Cricket South Africa has avoided being defunded and derecognised by South Africa's sports minister Nathi Mthethwa, whose office confirmed he will withdraw his notice to intervene in the organisation, which was published in the government gazette on Friday.
Last week, Mthethwa informed CSA of his intention to use the National Sports and Recreation Act to strip them of their status as the governing body for cricket in the country, an act which would have left South Africa unable to play international matches. But after the Members' Council - the body made up of 14 provincial presidents who hold CSA's highest decision-making authority - agreed to a majority independent board, Mthethwa will step aside.
"As the sole purpose of my intervention into the affairs of CSA was to facilitate a negotiated solution in respect of governance best practice, I have, based on the confirmation from CSA's Acting President and IB Chairperson, instructed my Department to immediately initiate the requisite process to withdraw the notice," Mthethwa said in a statement.
This means that CSA have agreed to a new memorandum of incorporation - a document which sets out the rights, duties and responsibilities of anyone involved in a company - which contains the framework for a majority independent board, something the Members' Council have been resistant to accept for almost a decade.
"When you're at the edge of the cliff your sponsors get nervous, your staff get nervous, and the country at large gets nervous," Stavros Nicolaou, interim board chair, said. "We had to do something to pull back from the brink of the cliff. So we got together with the members council after the Special General Meeting and said in the interests of the game and the nation, let's try and work through these issues. For nine years they had been on a rollercoaster ride. We need certainty and predictability. That's what sponsors, players and everybody else wants."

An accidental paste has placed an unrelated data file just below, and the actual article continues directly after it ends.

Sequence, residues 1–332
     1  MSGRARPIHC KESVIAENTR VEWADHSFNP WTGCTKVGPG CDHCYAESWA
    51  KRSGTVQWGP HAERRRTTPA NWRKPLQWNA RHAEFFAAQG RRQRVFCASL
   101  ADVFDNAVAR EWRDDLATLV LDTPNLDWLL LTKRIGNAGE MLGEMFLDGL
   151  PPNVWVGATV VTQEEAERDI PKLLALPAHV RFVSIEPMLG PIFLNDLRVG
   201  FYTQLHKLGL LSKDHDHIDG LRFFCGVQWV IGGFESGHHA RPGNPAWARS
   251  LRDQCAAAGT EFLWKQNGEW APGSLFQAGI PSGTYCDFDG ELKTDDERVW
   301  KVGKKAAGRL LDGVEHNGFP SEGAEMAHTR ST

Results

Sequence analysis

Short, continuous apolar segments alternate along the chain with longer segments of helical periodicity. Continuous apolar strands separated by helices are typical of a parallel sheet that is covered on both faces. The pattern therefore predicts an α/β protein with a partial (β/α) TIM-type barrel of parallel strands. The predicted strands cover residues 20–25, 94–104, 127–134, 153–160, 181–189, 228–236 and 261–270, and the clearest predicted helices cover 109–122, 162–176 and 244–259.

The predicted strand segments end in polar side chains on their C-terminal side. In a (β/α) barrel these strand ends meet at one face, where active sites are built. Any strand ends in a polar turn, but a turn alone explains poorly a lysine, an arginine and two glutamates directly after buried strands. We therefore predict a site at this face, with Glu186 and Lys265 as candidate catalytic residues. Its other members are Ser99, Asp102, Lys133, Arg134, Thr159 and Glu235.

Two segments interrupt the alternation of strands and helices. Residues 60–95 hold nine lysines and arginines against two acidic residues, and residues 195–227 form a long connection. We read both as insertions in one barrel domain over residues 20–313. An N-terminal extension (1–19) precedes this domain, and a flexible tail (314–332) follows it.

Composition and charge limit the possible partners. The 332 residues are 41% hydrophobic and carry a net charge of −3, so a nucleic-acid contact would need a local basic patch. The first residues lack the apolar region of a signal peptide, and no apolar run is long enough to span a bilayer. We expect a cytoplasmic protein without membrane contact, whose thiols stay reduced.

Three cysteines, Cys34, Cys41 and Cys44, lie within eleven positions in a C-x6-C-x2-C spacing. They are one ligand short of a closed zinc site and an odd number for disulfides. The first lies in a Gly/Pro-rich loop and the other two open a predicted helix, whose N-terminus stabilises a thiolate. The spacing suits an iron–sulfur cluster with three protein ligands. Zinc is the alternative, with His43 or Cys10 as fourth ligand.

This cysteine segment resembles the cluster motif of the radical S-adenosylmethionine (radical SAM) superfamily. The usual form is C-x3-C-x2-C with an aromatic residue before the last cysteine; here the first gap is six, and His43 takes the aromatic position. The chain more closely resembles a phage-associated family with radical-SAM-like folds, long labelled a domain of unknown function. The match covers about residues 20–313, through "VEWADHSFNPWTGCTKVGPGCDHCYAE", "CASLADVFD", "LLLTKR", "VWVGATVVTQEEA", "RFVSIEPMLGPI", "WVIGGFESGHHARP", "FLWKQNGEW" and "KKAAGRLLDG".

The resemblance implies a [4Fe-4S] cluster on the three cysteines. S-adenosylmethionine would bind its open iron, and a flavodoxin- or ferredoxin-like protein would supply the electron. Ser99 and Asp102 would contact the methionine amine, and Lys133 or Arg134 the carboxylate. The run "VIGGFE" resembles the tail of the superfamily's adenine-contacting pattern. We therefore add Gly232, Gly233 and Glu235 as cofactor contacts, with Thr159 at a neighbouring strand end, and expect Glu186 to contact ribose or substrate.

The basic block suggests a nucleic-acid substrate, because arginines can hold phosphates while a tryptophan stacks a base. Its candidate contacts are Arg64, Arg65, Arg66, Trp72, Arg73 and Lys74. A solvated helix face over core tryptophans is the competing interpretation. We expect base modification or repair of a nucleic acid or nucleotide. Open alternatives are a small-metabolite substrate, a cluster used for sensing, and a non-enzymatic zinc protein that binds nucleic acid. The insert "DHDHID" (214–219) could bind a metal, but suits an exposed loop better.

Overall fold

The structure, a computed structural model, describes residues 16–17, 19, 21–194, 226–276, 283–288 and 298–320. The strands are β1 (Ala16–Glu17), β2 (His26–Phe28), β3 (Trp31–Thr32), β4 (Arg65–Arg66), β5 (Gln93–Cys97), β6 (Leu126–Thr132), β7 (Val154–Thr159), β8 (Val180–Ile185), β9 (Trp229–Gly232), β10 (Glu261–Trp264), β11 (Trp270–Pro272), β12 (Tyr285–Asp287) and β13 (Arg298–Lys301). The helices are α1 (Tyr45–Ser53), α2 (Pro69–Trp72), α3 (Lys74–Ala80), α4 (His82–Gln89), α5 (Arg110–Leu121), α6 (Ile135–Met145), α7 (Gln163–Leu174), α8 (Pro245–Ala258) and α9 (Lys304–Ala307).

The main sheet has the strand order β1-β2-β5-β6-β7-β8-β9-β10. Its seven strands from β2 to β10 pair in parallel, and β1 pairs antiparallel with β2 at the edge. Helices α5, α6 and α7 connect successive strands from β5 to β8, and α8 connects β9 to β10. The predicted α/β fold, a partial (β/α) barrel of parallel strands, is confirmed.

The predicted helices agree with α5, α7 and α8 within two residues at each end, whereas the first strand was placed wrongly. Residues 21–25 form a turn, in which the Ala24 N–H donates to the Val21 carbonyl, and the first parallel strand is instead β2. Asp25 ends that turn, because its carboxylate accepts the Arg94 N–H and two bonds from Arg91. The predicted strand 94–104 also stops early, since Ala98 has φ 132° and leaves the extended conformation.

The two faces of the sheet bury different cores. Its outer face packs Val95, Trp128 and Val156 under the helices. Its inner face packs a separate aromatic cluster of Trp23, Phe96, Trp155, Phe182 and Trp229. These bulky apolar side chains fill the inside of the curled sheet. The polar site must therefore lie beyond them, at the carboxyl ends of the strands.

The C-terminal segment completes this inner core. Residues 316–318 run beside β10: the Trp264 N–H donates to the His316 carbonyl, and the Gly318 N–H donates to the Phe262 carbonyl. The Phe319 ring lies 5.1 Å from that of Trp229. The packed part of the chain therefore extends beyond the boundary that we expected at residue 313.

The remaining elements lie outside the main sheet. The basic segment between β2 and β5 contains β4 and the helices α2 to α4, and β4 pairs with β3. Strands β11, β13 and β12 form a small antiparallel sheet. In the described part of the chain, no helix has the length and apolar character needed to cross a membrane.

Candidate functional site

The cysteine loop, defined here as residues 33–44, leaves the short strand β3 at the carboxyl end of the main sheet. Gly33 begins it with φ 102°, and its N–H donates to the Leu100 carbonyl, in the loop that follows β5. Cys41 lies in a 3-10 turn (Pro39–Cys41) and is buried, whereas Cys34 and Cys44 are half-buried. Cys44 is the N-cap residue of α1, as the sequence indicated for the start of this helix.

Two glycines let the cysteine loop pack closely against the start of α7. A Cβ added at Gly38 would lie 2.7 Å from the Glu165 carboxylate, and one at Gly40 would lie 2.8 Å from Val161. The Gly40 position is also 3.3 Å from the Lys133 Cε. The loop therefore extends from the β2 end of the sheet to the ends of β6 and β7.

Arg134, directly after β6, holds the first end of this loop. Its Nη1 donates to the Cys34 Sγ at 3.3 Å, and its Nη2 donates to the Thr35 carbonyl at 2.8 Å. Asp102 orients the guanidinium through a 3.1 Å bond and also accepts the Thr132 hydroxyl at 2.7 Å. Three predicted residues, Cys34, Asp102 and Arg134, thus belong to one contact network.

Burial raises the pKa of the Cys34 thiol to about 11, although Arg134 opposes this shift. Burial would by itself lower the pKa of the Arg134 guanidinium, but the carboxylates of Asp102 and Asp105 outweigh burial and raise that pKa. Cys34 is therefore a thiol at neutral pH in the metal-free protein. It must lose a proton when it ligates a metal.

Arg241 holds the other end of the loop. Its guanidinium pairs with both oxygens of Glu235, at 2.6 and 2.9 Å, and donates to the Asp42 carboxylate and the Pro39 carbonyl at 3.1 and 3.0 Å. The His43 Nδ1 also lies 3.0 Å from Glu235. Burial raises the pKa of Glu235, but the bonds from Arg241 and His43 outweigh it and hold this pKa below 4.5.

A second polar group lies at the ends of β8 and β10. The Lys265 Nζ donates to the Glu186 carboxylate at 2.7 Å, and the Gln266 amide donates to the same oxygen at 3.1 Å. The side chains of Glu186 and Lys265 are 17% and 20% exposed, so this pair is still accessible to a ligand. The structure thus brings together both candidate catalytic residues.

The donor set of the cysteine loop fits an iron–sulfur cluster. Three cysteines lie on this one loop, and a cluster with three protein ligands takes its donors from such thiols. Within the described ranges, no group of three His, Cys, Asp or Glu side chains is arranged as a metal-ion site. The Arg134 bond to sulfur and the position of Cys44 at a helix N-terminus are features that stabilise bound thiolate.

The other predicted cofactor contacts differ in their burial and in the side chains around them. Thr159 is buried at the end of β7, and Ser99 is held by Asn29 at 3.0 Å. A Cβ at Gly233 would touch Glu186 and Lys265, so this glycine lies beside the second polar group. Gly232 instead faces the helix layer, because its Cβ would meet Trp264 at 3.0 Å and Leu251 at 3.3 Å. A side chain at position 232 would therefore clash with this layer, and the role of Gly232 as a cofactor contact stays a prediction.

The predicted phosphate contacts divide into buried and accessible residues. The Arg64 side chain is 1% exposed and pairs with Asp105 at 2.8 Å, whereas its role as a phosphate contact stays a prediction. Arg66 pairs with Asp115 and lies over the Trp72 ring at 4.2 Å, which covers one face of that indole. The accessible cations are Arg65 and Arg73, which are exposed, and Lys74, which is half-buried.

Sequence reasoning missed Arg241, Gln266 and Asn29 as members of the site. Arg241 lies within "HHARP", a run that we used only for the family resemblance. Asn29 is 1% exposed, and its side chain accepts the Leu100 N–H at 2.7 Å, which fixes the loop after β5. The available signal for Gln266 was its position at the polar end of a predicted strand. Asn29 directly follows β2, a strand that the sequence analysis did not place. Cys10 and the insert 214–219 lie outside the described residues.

A majority independent board is considered to be a pillar of good corporate governance and would mean that CSA's board will be mostly made up of people from outside the provincial cricket structures, which could include those in the corporate or non-governmental sector. The new board members will be nominated by a committee, which will be finalised in the coming weeks. The establishment of a new board will bring the Mthethwa-imposed interim board's tenure to end on May 15.
The interim board will submit a final report to Mthethwa and will continue to oversee the disciplinary procedures of former acting CEO Kugandrie Govender and company secretary Welsh Gwaza. It is also preparing CSA for an AGM, which was postponed from last August. The AGM and final report will mark the end of Mthethwa's involvement in CSA.
CSA' new board will be made up of 15 members for the first three years, of which eight will be independent directors, five non-independent (chosen from the Members' Council), and two from the CSA executive - the CEO and CFO. The chairperson will be an independent member and will be voted on by the board members.
Nominations for the independent directors are currently open and will remain so until May 10, with CSA's AGM set to happen by June 12. A nominations panel made up of the following individuals - one from the board of the South African Institute of Chartered Accountants, a former CSA president nominated by the interim board, a former South African international cricketer nominated by the South African Cricketers' Association, a person nominated by the Institute of Directors South Africa, a person nominated by the Legal Practice Council and one individual nominated by CSA's Members' Council - will be formed to appoint the independent board members.
With CSA on the path to better governance, the organisation will now concentrate on regaining their foothold in the international arena and intend to bid for the 2027 men's World Cup.
"The bidding process for the World Cups for the next eight years will start very shortly, before the end of October," Rihan Richards, acting president of the Members' Council said. "We are going to target both the men's and women's and the under-19 World Cups. We are going to go very heavily for the men's, but it's not restricted to that. We're looking at 2027. We won't be restricting ourselves to one bid only."
Firdose Moonda is ESPNcricinfo's South Africa correspondent